This paper examines patterns of health and support service use among Australian children, especially among those at elevated risk of experiencing poor social-emotional wellbeing and psychological adjustment.

Key findings:

  1. Children at increased risk of social-emotional problems had higher rates of contact with various service types, including psychiatric and behavioural therapy services, other medical professionals including GPs, paediatricians and speech therapists, in addition to hospital emergency and outpatient services.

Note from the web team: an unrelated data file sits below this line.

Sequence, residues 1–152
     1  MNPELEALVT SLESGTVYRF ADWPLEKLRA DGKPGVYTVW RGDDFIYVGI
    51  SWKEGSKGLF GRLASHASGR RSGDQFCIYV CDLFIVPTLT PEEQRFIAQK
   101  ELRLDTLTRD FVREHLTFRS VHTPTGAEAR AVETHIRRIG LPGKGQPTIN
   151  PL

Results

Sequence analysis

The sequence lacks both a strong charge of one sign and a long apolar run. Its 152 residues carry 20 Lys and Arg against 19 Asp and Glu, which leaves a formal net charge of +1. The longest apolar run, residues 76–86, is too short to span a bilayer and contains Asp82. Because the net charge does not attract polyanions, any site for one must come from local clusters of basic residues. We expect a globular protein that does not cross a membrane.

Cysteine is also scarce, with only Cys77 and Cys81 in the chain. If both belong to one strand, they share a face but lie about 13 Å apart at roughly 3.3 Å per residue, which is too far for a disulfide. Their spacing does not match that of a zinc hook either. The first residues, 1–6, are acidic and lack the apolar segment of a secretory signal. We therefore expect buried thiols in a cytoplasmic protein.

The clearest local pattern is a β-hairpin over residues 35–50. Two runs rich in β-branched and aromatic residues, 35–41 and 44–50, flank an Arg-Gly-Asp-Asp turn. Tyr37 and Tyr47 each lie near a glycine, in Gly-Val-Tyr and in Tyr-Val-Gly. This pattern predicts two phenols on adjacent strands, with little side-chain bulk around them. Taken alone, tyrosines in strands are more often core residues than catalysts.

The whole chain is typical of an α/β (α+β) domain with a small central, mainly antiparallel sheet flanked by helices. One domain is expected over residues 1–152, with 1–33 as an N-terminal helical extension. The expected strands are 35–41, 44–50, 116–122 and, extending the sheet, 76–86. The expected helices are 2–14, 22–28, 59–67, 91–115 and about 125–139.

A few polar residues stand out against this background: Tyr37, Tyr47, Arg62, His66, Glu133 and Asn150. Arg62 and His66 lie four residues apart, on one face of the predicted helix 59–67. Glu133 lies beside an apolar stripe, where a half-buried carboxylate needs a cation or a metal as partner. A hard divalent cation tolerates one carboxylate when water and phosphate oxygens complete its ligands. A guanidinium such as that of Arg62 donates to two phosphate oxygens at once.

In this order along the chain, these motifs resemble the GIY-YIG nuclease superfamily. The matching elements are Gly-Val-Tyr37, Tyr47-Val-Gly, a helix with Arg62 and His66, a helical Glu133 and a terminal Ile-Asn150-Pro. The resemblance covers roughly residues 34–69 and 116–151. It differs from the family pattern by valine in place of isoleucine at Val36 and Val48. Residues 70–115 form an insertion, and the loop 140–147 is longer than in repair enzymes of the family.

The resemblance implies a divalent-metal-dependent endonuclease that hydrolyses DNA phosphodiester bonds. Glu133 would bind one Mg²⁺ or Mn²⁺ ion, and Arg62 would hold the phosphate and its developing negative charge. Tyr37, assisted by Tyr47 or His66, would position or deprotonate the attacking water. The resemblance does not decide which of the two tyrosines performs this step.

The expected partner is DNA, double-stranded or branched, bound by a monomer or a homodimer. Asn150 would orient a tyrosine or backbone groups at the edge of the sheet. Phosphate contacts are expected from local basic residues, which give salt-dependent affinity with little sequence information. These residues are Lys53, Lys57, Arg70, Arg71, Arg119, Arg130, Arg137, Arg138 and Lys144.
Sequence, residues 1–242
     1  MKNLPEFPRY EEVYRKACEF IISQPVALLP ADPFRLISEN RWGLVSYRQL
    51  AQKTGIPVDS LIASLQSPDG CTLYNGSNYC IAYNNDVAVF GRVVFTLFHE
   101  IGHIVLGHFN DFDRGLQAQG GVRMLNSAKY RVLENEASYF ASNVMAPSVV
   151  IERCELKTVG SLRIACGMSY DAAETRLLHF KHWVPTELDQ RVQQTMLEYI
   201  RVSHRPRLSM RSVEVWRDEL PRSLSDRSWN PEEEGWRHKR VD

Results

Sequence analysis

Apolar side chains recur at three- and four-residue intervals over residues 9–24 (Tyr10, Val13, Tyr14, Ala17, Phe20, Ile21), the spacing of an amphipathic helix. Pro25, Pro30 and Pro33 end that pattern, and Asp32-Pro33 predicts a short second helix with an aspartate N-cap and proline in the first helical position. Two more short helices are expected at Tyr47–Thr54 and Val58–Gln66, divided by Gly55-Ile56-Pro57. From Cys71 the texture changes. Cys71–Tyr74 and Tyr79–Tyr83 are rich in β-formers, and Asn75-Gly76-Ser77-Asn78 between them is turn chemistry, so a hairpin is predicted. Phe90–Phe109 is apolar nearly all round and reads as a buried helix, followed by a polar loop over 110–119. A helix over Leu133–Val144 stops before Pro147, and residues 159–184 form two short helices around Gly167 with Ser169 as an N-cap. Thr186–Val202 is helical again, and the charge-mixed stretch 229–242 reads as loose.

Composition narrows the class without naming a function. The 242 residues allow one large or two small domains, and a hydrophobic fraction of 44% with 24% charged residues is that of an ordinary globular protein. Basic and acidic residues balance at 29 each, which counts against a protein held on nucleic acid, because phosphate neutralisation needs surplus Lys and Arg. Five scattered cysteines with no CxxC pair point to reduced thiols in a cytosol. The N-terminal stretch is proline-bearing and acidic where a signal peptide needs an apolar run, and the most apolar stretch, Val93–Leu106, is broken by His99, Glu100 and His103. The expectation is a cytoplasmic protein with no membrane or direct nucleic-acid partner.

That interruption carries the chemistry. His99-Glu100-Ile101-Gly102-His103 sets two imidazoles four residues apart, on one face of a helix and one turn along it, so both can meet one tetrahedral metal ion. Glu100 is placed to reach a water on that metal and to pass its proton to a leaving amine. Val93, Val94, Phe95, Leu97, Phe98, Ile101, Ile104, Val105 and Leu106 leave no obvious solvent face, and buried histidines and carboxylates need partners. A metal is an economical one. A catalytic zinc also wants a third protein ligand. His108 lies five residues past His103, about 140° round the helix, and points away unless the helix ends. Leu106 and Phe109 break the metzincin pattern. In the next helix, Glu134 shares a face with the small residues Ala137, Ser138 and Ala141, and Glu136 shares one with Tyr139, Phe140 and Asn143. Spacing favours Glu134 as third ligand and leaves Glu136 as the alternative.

2. Medicare data indicated that the usage rates of paediatricians, GPs specifically in relation to mental health concerns, and psychologists were consistently – and significantly – higher among children at risk of experiencing psychosocial adjustment issues such as hyperactivity, emotional symptoms, and conduct and peer problems across all ages
  3. There are valuable opportunities for frontline medical, health and social support professionals to identify children who may be at risk of mental health problems and provide parents with advice or referrals to services that may prevent these issues from progressing to more serious problems.


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